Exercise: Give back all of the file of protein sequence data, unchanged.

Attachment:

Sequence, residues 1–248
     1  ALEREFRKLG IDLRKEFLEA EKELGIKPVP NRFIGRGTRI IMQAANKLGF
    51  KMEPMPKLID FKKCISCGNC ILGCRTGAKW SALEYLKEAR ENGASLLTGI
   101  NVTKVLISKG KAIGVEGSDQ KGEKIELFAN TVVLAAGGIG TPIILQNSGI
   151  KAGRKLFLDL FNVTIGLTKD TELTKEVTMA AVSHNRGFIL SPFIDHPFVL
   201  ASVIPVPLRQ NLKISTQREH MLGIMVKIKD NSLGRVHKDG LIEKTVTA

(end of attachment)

Sequence, residues 1–248
     1  ALEREFRKLG IDLRKEFLEA EKELGIKPVP NRFIGRGTRI IMQAANKLGF
    51  KMEPMPKLID FKKCISCGNC ILGCRTGAKW SALEYLKEAR ENGASLLTGI
   101  NVTKVLISKG KAIGVEGSDQ KGEKIELFAN TVVLAAGGIG TPIILQNSGI
   151  KAGRKLFLDL FNVTIGLTKD TELTKEVTMA AVSHNRGFIL SPFIDHPFVL
   201  ASVIPVPLRQ NLKISTQREH MLGIMVKIKD NSLGRVHKDG LIEKTVTA